Several studies have shown that some patients do not desire an active role in decision making(39–40) or the responsibility of deciding whether to be screened for a potentially life-threatening cancer.(41) Once again, it can be helpful to emphasize that there is no “wrong answer” by suggesting ways that other men have dealt with this decision. The clinician might say something like, “This is an individual decision. Some men strongly prefer screening, even without good evidence that it significantly extends men’s lives. Others would rather prefer to wait and see.” The clinician can also offer reassurance by conveying his or her unconditional support: “I will support any decision that you make about prostate cancer screening.”
With the final “Ask,” the provider confirms that the patient’s needs have been met and inquires whether the patient is ready to make a decision. The clinician might ask, “So does screening for prostate cancer sound like something you’d be interested in?” If the patient asks, “What do you think I should do?” the clinician can make a patient-centered recommendation based on concerns or opinions the patient has shared during the discussion.(42) For example, the clinician can say: “Based on what you have told me, it sounds like we should [test / not test]. Does that sound right to you?”
Some clinicians resist offering a recommendation of what to do when the best course of action is uncertain.(16) Here we propose providing value-based advice tailored to the concerns of the individual patient. Rather than making a generic recommendation, providers would offer different recommendations based on patients’ needs and concerns, taking into account patient-specific factors such as the patient’s race or a specific concern a patient may have about his family history.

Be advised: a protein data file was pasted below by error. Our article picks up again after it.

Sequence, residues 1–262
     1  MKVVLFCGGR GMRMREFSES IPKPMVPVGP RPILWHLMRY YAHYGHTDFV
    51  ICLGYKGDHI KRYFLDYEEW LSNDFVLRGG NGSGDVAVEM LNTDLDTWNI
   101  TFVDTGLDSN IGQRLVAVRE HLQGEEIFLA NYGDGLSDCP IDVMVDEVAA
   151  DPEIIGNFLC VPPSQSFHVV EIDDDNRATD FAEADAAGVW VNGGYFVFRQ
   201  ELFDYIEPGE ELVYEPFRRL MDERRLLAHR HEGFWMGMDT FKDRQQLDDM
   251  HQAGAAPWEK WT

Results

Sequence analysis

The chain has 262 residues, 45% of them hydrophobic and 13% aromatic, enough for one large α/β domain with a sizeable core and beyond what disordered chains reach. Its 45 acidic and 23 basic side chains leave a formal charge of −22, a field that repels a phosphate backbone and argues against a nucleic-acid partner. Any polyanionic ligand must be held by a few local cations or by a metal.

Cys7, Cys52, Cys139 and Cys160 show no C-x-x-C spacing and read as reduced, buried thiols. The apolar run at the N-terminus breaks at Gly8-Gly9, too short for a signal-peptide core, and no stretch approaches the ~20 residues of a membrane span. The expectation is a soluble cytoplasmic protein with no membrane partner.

Shared decision making about prostate cancer screening is crucial given the continued uncertainty regarding its risks and benefits.(43–44) The Ask-Tell-Ask approach elicits the patient’s values to focus the discussion on what is most important to the patient. The final decision about whether to screen for prostate cancer may come from the patient directly or from the clinician making a recommendation based on the patient’s values.
We have based this approach on emerging theory and evidence in the field of patient communication with the goal of engaging patients and addressing their concerns.(22–28) Studies suggest that approaches like this are well received by patients(45) and when used alone or in combination with previsit decision aids may be time efficient.(31,46–47) By starting with an open-ended “communication triage” question rather than always covering the same fixed set of facts, the provider can find out what the patient already knows and then tailor information to fill in gaps or correct misconceptions. By serving as a guide, the provider can help the patient arrive at a decision based on what is important to him and avoid leaving the patient adrift in what can feel like a difficult decision.
While no approach will make prostate cancer screening discussions easy, the Ask-Tell-Ask approach is designed to be time efficient, patient centered, and process oriented, with the goal of improving the quality of care by encouraging more informed decisions about prostate cancer screening.
This publication was supported in part by the Centers for Disease Control and Prevention and the National Cancer Institute through the Cancer Prevention and Control Research Network, a network within the CDC’s Prevention Research Centers Program (Grant 1-U48-DP-000050). The authors thank Elizabeth Hopley, Sylvia Bereknyei, Peggy Hannon, and our project officer at the CDC, Donald Blackman, for their useful guidance and assistance as we developed the ideas in this paper.
“This is the prepublication, author-produced version of a manuscript accepted for publication in Annals of Internal Medicine. This version does not include post-acceptance editing and formatting. The American College of Physicians, the publisher of Annals of Internal Medicine, is not responsible for the content or presentation of the author-produced accepted version of the manuscript or any version that a third party derives from it. Readers who wish to access the definitive published version of this manuscript and any ancillary material related to this manuscript (e.g., correspondence, corrections, editorials, linked articles) should go to www.annals.org or to the print issue in which the article appears. Those who cite this manuscript should cite the published version, as it is the official version of record.”
Conflicts of Interest: None to Declare